Are your creditors allowed to harass you?
Life can be tough when you owe several creditors. Not only do you have to deal with paying your basic monthly bills, which alone can be difficult, but you are also trying to handle the stacks of letters and phone calls coming in from debt collectors. You and other Tennessee residents who are having financial difficulties might be bothered to the point of harassment by creditors. It is important to understand that some common creditor tactics are against the law.
According to the U.S. Federal Trade Commission, debt collection practices that are unfair, deceptive or abusive violate the Fair Debt Collection Practices Act. This law protects you and other debtors from harassment or misleading information from creditors, thereby putting yourself into even further financial and emotional stress. Debt collectors are aware of the law, but unfortunately, some know that not all consumers understand their rights, so creditor abuse is a regular occurrence. Practices that violate the FDCPA may include the following:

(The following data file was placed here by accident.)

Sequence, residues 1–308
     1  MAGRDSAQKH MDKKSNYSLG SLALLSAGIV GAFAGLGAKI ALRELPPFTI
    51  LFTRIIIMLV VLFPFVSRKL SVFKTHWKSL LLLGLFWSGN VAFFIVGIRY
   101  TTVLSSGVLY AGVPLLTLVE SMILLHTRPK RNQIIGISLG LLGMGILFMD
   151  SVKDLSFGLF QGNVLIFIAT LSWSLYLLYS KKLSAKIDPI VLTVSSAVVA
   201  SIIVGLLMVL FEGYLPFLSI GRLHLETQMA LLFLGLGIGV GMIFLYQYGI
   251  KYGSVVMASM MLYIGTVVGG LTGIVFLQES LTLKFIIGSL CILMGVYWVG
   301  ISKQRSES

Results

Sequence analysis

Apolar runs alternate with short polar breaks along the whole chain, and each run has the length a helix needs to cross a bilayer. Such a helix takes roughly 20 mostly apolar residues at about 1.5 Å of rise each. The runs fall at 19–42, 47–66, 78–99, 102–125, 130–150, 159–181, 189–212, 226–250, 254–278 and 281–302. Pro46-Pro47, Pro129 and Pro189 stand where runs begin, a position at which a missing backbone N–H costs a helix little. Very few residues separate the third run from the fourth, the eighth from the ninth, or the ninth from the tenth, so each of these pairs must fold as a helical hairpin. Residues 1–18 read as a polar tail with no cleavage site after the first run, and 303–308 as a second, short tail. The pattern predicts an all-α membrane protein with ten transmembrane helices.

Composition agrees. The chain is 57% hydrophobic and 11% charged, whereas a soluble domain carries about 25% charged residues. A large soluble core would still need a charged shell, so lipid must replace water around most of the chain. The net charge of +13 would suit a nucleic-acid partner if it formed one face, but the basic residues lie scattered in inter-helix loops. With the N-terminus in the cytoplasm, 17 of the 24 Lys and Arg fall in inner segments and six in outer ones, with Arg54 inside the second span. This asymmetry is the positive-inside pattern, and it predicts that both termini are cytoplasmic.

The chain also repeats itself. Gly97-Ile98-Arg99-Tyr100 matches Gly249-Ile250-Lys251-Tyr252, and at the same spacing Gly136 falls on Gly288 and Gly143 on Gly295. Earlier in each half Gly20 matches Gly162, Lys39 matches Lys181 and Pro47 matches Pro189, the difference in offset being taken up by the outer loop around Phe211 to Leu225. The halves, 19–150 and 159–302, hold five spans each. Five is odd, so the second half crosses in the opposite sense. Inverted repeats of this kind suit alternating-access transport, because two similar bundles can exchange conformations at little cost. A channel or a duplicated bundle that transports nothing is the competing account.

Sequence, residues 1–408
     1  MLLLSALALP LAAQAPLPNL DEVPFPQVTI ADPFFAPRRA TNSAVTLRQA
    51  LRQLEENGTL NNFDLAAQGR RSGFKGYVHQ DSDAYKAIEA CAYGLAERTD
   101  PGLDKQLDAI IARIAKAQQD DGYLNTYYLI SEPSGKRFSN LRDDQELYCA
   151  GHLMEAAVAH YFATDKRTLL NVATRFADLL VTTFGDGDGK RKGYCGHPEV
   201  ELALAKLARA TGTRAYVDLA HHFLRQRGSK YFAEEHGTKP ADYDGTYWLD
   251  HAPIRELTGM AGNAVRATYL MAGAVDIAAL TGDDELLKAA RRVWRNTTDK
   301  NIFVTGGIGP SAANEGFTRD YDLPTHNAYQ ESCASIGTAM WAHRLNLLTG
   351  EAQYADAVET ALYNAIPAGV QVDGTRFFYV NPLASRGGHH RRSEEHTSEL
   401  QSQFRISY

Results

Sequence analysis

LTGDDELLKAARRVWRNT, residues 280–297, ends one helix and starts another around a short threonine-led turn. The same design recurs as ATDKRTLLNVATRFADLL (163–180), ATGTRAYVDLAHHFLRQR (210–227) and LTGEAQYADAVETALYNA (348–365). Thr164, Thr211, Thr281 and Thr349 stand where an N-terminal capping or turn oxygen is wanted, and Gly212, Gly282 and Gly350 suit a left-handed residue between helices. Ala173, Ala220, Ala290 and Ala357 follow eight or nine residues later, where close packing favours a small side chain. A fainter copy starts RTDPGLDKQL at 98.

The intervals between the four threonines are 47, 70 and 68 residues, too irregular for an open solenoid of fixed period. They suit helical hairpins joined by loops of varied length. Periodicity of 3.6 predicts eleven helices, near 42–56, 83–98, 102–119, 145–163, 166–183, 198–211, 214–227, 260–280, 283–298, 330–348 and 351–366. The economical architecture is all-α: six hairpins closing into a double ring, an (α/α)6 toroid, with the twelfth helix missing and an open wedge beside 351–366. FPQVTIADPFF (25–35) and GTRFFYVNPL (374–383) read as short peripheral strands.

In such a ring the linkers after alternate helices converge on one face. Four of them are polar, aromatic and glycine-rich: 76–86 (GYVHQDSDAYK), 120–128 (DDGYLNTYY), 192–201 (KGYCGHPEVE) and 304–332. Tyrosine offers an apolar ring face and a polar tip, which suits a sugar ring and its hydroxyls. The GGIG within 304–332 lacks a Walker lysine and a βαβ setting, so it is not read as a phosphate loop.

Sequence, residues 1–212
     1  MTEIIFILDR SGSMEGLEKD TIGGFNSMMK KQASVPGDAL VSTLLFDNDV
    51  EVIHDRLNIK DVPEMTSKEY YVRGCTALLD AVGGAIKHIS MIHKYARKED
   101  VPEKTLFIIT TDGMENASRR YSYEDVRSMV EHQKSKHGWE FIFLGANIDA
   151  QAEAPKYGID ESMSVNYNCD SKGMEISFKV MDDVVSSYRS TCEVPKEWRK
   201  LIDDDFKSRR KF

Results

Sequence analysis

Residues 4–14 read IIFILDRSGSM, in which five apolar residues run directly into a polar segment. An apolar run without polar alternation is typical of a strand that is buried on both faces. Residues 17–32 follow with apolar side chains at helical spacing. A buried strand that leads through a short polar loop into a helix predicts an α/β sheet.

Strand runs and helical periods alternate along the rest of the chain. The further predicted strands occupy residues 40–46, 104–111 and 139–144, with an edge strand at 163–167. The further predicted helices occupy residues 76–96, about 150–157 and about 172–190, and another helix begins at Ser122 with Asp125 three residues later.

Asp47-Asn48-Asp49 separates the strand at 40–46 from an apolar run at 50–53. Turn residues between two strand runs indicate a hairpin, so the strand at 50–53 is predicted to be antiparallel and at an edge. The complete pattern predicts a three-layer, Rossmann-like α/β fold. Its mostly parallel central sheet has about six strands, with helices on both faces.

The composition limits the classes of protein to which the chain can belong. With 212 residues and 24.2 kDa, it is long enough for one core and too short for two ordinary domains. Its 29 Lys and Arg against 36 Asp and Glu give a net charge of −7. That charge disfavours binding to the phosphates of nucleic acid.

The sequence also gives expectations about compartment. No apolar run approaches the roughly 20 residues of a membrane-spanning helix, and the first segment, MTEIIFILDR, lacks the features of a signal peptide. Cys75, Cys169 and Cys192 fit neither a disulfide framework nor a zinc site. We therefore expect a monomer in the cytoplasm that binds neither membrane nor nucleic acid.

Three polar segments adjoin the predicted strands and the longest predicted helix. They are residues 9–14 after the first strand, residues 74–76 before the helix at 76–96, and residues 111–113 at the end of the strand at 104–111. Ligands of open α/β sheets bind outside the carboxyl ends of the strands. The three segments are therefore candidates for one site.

- Telling you that the company will have you arrested if you do not repay your debt
- Sending collection letters falsely claiming to be a lawyer, law enforcement officer or government representative
- Calling you at all hours of the day or night or at times when you requested that they not call you
- Continuing to call you at work after you specified your place of employment does not allow phone calls
- Using threatening, intimidating or foul language on the phone
- Threatening to use physical violence
Additionally, collectors must not discuss your debt with anyone other than you or your attorney. They may call your relatives only once to attempt to get your contact information, but they may not discuss the matter with them. If you request that your creditors stop calling you or speak only with your attorney from now on, the law requires them to comply.
You may report abusive creditor tactics to the FTC. It may also be beneficial to speak with an attorney if you are dealing with insurmountable debt.